The standout single off the Ohio outfit’s sophomore record “Last Splash” did a number on listeners, but the buzz around the band started well before 1993, and swells into the present day. The Breeders still make a splash, as concertgoers will no doubt testify later this month when they show up at Rose Park to hear the band play Summerfest.
The Breeders began as a vehicle for two of alt-rock’s most valuable band members: Pixies bassist Kim Deal and Throwing Muses guitarist Tanya Donelly. Bassist Josephine Wiggs joined the fold before 1990’s debut “Pod,” an album author Neil Gaiman recalls fondly in a bio on The Breeders’ website.
“Pod is a sequence of songs that come towards you, unstoppable, not needing to be liked. Not to be anything except themselves, glorious in their emotional flatness,” he writes.
Donelly was on her way out with Deal’s twin sister, Kelley, and drummer Jim MacPherson joining the lineup in time for “Last Splash.” That set extends The Breeders’ initial vision. Crashing ahead with all the dark, cloudy guitars of their peers, they also bob and weave in more experimental directions, especially in terms of rhythm and dynamics.
“Last Splash”-era songs are decidedly sexy in a fashion that probably seemed unsexy at the time. No pop sheen or cute come-ons. Just good, old-fashioned double entendres electrified, then sealed with a wink.
The Breeders followed their rocksteady success by recording just a pair of albums in the 2000s. Both 2002’s “Title TK” and 2008’s “Mountain Battles” feature big drums, maverick melodies, exotic detours and patented Deal family harmonies.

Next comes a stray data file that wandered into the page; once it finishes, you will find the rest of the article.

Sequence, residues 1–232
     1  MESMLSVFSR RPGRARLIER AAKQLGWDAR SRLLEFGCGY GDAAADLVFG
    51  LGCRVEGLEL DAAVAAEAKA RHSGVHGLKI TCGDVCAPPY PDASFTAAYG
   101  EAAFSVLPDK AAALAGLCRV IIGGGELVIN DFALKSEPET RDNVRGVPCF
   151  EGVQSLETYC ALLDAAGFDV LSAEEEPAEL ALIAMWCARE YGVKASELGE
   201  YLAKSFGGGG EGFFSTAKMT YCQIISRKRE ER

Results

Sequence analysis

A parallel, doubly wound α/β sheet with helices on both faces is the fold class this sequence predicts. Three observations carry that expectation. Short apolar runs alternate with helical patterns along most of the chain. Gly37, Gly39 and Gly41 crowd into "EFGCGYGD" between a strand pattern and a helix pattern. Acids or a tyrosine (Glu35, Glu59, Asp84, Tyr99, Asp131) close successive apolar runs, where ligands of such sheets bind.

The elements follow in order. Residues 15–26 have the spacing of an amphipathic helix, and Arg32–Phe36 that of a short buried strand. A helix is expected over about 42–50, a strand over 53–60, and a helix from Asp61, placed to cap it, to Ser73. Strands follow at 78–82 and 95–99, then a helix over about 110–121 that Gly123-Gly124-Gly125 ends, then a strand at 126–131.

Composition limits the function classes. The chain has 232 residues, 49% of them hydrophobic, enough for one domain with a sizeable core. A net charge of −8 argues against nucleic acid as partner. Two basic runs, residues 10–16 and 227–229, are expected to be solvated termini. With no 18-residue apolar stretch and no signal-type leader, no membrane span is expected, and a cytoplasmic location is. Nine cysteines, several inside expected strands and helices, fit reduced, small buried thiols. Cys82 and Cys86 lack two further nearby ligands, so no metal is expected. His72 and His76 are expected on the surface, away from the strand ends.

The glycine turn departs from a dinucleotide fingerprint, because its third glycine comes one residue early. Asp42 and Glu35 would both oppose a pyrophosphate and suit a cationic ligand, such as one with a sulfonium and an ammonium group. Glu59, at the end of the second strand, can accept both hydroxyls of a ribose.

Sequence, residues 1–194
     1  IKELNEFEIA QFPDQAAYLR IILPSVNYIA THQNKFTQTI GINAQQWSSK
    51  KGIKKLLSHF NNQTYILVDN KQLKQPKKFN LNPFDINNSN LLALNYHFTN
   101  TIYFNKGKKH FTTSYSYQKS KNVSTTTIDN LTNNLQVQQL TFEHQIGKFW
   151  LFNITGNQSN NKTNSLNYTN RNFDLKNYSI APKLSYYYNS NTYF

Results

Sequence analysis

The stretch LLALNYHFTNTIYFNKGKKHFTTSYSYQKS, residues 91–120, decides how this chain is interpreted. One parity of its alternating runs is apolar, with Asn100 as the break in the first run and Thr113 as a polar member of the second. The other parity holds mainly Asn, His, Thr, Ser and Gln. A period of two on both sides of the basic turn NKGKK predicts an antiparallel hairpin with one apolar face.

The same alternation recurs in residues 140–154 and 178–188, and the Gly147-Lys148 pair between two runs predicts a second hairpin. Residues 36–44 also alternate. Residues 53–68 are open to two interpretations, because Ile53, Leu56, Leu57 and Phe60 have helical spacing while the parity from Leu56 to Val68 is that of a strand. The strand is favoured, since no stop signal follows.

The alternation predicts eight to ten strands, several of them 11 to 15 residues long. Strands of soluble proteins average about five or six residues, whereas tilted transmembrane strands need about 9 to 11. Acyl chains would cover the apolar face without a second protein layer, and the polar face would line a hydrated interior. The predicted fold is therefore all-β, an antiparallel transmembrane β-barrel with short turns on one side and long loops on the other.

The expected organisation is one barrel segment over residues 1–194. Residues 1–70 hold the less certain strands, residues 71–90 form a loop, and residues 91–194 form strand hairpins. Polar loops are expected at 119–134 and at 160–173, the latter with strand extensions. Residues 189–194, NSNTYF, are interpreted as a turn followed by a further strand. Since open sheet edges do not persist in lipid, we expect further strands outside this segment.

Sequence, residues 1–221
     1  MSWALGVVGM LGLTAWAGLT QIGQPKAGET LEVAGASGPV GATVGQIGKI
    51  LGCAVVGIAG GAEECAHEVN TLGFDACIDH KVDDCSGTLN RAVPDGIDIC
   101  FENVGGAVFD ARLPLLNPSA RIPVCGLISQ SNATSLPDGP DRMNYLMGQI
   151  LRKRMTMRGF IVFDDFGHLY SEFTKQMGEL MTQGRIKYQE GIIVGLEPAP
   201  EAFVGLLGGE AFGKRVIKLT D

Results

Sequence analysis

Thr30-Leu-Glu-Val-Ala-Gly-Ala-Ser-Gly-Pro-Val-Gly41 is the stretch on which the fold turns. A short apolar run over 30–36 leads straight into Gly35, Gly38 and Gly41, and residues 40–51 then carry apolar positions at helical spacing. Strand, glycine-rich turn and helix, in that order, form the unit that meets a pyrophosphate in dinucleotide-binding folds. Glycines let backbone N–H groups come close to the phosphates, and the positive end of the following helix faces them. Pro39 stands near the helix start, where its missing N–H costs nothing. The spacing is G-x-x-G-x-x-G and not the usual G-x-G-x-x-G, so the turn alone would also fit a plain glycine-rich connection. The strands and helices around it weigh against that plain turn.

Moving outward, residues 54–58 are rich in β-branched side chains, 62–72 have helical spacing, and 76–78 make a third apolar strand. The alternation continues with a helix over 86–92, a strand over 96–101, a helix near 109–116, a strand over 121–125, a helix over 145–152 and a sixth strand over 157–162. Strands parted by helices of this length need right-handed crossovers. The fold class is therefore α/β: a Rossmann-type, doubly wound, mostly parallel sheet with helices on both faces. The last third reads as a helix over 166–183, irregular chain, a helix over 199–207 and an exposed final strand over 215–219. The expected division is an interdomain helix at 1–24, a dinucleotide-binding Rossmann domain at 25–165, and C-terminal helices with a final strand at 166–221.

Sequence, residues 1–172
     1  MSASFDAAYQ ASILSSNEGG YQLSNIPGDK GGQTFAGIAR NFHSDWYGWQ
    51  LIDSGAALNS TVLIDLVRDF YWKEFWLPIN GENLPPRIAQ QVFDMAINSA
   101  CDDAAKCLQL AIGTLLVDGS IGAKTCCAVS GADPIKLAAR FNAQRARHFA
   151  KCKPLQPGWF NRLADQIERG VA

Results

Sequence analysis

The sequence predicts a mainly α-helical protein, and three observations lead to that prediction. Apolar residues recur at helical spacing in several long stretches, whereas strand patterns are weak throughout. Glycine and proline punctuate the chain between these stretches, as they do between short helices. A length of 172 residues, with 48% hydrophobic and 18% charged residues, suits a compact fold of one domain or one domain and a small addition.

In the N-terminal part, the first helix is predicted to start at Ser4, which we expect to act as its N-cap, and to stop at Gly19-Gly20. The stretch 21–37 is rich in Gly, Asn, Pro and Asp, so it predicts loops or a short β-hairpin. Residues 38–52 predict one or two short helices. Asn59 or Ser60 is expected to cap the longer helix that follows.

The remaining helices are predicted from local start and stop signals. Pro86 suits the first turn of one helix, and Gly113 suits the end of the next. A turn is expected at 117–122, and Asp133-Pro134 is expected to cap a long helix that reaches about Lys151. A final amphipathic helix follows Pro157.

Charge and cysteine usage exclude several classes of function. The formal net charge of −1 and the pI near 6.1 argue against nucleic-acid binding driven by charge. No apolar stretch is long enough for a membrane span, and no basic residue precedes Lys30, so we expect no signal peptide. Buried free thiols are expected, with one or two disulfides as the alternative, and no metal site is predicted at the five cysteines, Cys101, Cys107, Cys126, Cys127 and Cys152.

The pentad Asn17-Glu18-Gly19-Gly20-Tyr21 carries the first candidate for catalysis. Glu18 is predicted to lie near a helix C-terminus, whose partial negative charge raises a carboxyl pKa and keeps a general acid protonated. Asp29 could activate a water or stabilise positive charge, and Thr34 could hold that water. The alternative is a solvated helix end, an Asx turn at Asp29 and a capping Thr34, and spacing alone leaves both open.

The band took another decade between projects, its most recent offering coming in 2018 with “All Nerve.” As Gaiman notes, the album’s arrival — and its artful substance — felt as natural as could be.
“It’s not retro, it’s not 90’s, it just is what it is: smart rock music with a Breeders sound and an oblique Breeders point of view,” he wrote.
Marked by killer songwriting that leans into, but never simply duplicates, its signature sound, the record “is one of the band’s finest blends of sugar and swagger, space and noise,” Heather Phares wrote for AllMusic.
“All Nerve lives up to its name: the Breeders’ one-of-a-kind toughness and vulnerability are the heart of their music, and that it’s still beating strong is cause for celebration,” she added.
The Breeders show up on their own clock, but exactly when they’re needed, Phares notes in her review of “All Nerve.” 2022 listeners could stand to splash around in The Breeders’ deep, rocky pools. Thankfully, the band always sounds primed and ready to dive right in.
The Breeders play Rose Park at 8 p.m. Aug. 12; tickets are $35-$40. Visit https://rosemusichall.com/ for more details.
Aarik Danielsen is the features and culture editor for the Tribune. Contact him at firstname.lastname@example.org or by calling 573-815-1731. Find him on Twitter @aarikdanielsen.